Production: UK, 1974
Director: Jack Cardiff
Category: Science Fiction/Freaks/Horror
A great cinematographer, Cardiff proved how bad a director he could be with the monumentally tedious Girl On A Motorcycle. The Mutations on the other hand is in monumentally bad taste, using real freaks to embellish a repulsive tale of human experimentation set in a travelling sideshow. A scientist (Donald Pleasance) is using the show as a cover for his experiments on living people. Attempting to create hybrids of humans and plants, he consigns his many failures (known as “The Royal Family of Strange People”) to perform in the show, which is operated by a sadistic dwarf (Michael Dunn). Tom Baker plays his disfigured assistant. Real-life freaks and sideshow performers were used in the film, including a monkey woman, frog boy, human skeleton, alligator lady (Esther Blackman) and human pin-cushion. The doctor’s one success, a venus flytrap-man, was (hopefully) achieved by make-up. The Mutations has it all: the mad scientist, disfigurement and sadism, mutilation and murder, human oddities; the apparent dead-end for the fairground/freak sub-genre of bizarre cinema. A desperate, “lost” oddity of human misery well worth tracking down and leering over. Pleasance and dwarf Dunn would team up again that same year in Gonzalo Suárez’s La Loba Y La Paloma (“The She-Wolf And The Dove”, also known as House Of The Damned), a bizarre tale of madness and masks.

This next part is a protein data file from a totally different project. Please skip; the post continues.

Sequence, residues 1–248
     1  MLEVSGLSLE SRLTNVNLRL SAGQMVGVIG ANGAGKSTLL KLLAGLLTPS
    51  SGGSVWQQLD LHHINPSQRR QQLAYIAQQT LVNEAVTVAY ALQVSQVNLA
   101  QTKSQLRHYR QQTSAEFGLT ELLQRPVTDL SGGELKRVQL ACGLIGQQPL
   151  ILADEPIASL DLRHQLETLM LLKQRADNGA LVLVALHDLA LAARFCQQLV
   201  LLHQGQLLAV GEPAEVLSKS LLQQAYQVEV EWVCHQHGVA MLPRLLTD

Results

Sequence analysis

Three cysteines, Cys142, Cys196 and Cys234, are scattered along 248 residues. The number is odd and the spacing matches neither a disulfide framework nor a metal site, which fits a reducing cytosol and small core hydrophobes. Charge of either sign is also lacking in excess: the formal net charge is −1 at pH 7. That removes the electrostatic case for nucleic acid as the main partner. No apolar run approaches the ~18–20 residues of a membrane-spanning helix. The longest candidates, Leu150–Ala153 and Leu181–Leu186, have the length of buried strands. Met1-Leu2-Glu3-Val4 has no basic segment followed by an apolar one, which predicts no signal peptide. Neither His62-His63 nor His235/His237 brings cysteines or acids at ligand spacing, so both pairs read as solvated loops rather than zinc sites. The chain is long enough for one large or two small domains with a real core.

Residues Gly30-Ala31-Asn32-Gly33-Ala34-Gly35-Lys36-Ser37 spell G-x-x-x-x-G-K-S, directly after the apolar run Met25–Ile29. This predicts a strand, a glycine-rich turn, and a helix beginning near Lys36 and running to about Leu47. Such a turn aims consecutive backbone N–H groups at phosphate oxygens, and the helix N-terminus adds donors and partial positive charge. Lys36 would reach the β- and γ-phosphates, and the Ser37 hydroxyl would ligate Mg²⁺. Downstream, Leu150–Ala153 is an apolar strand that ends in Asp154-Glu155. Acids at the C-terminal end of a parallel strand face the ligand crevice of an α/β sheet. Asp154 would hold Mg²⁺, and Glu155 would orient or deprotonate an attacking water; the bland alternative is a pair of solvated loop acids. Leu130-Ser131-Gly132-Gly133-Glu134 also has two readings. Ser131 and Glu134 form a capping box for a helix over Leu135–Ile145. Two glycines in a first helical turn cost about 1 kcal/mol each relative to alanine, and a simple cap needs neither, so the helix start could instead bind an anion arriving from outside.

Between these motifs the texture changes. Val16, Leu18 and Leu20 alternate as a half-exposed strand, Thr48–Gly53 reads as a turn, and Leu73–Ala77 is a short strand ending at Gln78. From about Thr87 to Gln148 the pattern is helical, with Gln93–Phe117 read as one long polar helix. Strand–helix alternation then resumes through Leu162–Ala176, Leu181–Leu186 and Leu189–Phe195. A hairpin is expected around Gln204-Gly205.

Posted by Graf Mitternacht